More questions raised over Northern Hemisphere maize crops: Grain Market Daily

Tuesday, 25 August 2020

Market commentary

  • Global wheat futures prices retreated slightly yesterday, after ending last week higher. The size of the Russian wheat crop is a factor, along with profit-taking by speculative traders.
  • Russian wheat production was forecast at 82.5Mt by IKAR yesterday, 0.5Mt higher than last Monday.
  • UK feed wheat futures followed the global trend and closed at £166.15/t, down £0.10/t from Friday’s close.
  • The spring barley yield forecast for the EU-27 increased from 4.33t/ha to 4.39t/ha in yesterday’s the EU crop monitoring (MARS) report and is now 9% above average. Meanwhile, the winter barley yield was reduced by 0.13t/ha to 5.51t/ha, 4.2% below average.
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Helen Plant

Senior Analyst (Cereals & Oilseeds)

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More questions raised over Northern Hemisphere maize crops

Maize is likely to continue to influence global and so UK wheat prices this week, as more questions are raised over maize crop sizes in the US and Europe (detail below).

Global grain production is forecast to reach 2,231Mt in 2020/21, nearly 61Mt more than in 2019/20 and over two-thirds of this increase (42Mt) is due to the forecast increase in US maize production. As a result, markets are likely to remain uneasy until harvest provides clarity on the situation.

Maize is likely to play a big part in UK grain pricing this season due to the expected small UK wheat crop, increasing our grain import requirements. European trade association Coceral yesterday forecast the UK wheat crop at 10.0Mt. As James discussed here, maize is likely to be the feed grain of choice due to the competitiveness of the grain and the proposed import tariffs on maize and wheat from 1 January.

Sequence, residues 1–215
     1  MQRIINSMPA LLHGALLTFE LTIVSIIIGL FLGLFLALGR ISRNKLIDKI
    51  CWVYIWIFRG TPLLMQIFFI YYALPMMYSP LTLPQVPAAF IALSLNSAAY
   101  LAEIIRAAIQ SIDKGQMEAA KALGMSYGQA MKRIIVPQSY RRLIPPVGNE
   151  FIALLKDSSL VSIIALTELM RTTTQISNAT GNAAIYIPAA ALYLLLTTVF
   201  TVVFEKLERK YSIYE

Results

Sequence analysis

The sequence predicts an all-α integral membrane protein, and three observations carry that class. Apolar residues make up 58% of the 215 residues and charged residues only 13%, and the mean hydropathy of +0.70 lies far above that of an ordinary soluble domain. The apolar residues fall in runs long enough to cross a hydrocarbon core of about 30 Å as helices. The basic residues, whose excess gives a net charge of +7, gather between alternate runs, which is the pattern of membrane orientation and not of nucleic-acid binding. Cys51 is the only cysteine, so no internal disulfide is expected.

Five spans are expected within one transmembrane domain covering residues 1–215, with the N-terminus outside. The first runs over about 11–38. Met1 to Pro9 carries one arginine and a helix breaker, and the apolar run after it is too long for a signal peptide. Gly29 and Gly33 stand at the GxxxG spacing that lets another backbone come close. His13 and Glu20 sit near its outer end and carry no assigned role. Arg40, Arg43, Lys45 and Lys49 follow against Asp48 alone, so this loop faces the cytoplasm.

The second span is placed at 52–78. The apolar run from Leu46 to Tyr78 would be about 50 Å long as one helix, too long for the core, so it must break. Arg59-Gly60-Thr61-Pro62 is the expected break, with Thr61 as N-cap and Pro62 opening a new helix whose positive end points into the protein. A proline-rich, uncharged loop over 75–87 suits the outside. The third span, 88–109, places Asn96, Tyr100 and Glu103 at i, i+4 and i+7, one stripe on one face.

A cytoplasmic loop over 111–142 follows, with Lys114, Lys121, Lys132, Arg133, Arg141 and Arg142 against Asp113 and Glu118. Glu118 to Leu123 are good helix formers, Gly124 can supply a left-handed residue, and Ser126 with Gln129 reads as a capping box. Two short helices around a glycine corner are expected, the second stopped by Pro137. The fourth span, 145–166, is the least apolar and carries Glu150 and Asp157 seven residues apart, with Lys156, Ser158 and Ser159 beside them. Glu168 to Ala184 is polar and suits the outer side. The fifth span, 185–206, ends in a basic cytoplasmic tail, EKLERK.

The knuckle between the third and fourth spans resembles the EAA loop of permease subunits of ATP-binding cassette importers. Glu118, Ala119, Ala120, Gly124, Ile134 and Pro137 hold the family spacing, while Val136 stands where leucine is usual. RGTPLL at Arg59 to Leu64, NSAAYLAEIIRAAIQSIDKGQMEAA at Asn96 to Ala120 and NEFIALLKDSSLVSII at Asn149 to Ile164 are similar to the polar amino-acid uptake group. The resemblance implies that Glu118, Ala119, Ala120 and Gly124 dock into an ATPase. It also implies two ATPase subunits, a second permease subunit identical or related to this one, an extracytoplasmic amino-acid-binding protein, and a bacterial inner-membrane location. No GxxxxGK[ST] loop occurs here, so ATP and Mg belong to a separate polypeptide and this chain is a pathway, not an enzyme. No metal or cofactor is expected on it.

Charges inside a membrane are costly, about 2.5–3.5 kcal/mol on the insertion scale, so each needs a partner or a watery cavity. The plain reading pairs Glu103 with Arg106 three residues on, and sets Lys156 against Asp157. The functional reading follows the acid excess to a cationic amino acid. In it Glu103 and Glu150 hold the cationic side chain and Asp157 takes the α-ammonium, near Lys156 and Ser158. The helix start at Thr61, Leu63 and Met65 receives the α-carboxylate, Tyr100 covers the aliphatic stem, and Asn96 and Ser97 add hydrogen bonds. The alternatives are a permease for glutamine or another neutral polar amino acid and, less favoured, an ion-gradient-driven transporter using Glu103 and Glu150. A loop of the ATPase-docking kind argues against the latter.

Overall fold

A smaller than expected global maize crop, could provide some support to global maize prices and so in turn provide some support to UK grain prices. However, that would be subject to the demand matching or exceeding forecasts – something that is more uncertain than usual due to the coronavirus pandemic.


US crop conditions slip further

US maize crop condition scores were downgraded again by the USDA yesterday. As at 23 August, 64% of the crop was now rated as ‘good’ or ‘excellent’, down from 69% a week earlier and 71% on 9 August. The reductions follow drier than usual weather in some areas and the severe storm that affected Iowa a fortnight ago.

The condition scores are now below 2018, meaning more doubt that the US average yield can exceed 2018’s record as the USDA currently forecast. The rating in Iowa, which usually produces about 18% of US maize, is a particular worry. It fell from 69% to 50% in a fortnight and is now the lowest since 2013. Crops are now starting to reach maturity, which will soon limit the potential for any further improvements or downgrades.

European yield forecasts reduced

Meanwhile, there is also less confidence in European maize production. The EU’s crop monitoring service (MARS) downgraded its yield forecasts for the crop from 8.2t/ha in July to 8.0t/ha. This follows hot, dry weather over the past month in France and Germany, parts of Poland, Romania and Bulgaria.

Coceral yesterday forecast the EU-27 maize crop at 64.4Mt, now 0.2Mt smaller than last year’s crop.

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